Recently, developer and consulting CTO behind Oculus VR—John Carmack—confirmed that the Oculus Go would get an unlocked OS build that can get full root access. Even though it may sound confusing, this is great news for Go users. Here's what you need to know.
Oculus Go Is Getting Unlocked Root Access
John Carmack confirmed on Twitter that, after "pushing on for years," Facebook will finally unlock root access to the Oculus Go. This will be available with a future OS build that can be side-loaded in the Go.
As of right now, we don't know exactly when this build will be available to the public. Carmack confirms that it will happen "soon." Likewise, Carmack isn't sure about how Facebook will handle the distribution but believes that it "should just be up on the Oculus website" when it's available for everyone.
What Does This Mean to Oculus Go Users?
The Oculus Go was first introduced back in 2018, and critics considered it a low-end VR headset primarily for media consumption. Facebook first dropped the Oculus Go from the enterprise website back in January 2020, and then it altogether discontinued it in June 2020. Afterward, as of last December, the Oculus Go couldn't update apps anymore or accept new apps in its Go store.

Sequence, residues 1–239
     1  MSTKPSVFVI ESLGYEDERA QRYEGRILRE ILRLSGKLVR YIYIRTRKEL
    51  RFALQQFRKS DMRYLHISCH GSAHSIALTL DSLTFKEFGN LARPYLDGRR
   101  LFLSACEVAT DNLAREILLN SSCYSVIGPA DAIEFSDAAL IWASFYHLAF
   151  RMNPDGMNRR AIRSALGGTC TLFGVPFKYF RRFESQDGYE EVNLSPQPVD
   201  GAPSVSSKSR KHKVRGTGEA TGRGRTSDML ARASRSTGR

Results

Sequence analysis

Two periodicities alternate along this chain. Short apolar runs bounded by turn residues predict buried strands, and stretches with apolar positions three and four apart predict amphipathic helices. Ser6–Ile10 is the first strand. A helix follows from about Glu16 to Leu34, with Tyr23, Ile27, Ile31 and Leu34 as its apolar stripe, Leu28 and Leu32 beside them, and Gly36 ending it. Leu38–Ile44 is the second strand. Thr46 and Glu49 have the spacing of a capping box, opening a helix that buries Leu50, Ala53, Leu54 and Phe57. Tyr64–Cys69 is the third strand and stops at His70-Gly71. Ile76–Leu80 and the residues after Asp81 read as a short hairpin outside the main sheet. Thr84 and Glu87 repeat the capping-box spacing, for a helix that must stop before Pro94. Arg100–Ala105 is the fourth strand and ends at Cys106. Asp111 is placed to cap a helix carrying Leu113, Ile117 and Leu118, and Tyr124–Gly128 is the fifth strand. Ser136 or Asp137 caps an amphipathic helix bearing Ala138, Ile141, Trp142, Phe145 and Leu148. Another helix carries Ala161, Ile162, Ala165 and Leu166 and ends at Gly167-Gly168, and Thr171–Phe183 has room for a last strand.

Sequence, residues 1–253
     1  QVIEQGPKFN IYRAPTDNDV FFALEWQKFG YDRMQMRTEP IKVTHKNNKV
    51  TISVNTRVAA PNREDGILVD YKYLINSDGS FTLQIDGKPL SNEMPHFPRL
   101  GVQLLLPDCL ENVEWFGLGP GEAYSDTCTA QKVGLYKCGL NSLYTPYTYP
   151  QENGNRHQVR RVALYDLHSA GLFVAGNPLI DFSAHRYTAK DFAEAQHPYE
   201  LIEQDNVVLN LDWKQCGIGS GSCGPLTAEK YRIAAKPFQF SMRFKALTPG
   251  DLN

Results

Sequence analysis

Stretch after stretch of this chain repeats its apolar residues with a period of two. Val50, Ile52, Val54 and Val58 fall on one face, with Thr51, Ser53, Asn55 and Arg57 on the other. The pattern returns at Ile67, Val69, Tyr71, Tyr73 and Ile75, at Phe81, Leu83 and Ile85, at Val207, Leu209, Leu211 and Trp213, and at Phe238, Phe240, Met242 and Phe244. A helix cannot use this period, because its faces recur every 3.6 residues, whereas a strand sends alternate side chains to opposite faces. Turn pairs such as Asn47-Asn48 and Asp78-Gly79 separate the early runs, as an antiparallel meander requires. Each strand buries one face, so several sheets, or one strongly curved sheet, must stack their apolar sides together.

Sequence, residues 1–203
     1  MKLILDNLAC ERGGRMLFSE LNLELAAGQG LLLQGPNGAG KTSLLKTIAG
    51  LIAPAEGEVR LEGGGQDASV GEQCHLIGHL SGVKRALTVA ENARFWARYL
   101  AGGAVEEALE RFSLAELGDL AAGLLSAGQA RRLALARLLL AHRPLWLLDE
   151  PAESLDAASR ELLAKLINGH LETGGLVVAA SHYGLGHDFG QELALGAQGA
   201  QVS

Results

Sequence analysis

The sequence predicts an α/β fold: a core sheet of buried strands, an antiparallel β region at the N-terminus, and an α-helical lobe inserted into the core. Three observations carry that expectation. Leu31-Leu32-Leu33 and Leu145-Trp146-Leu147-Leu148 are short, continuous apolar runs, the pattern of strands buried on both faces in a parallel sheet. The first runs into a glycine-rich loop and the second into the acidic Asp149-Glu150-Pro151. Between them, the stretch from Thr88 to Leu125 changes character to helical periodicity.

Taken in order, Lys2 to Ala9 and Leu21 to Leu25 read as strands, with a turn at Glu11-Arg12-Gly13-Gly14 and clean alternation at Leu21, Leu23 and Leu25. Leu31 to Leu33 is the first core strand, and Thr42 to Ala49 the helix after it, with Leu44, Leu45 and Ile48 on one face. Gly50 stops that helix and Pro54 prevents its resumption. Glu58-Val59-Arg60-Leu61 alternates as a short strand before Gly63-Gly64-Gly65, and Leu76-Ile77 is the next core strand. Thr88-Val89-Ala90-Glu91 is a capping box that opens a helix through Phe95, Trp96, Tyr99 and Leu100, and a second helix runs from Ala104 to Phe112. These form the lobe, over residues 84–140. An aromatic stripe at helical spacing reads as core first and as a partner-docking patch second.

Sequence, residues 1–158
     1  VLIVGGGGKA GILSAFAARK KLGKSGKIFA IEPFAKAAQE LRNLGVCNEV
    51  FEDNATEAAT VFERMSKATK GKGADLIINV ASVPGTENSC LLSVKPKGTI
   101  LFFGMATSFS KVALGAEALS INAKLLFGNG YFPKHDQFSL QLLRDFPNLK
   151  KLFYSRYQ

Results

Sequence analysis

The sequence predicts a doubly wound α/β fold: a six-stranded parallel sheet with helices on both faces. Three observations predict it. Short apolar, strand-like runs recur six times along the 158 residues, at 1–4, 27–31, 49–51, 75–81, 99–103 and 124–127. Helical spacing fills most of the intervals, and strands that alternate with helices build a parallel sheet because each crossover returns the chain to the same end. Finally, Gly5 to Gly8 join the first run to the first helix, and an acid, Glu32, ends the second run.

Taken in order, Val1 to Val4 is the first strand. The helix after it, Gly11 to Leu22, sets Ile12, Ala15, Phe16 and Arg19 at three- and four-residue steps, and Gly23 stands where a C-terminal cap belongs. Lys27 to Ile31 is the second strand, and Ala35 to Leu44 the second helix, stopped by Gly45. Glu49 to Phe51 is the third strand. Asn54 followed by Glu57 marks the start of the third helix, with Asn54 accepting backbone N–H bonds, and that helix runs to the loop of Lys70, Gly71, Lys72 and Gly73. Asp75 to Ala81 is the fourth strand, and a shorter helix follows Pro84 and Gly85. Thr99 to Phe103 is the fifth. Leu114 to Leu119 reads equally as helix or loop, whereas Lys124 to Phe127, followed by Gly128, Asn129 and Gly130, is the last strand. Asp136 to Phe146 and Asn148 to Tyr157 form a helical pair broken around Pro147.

Giving the Oculus Go full Root Access will provide users with more control over their VR headsets. This means that users could change the home interface and even install new apps that developers design for the Go. What's more is that, as Carmack puts it, any Oculus Go system will be able to update to the final software version even after Facebook has shut the servers down.
The Oculus Go's root access represents many possibilities for the community as a whole. It will basically get rid of many of the limitations the headset currently has. And it opens the door for many other opportunities, like using external hardware with the Go. Of course, this will also depend on what the developers are willing to do for the Oculus Go once root access is available.
Is Root Access the Future of Oculus?
As of right now, Carmack confirmed that this OS build is specific to the Oculus Go, so don't expect similar treatment to other headsets like the Oculus Quest 2. At least not for now. But, as Carmack puts it, this could set a precedent for the future. Don't hold your breath, though. This single change required so much effort in the first place.
Time to Play the Waiting Game
As we mentioned, there isn't an official release date yet. Facebook hasn't even given an official statement. So it can take a while before it happens. Fortunately, there are ways you can pass the time with your VR headset. Like using some streaming services.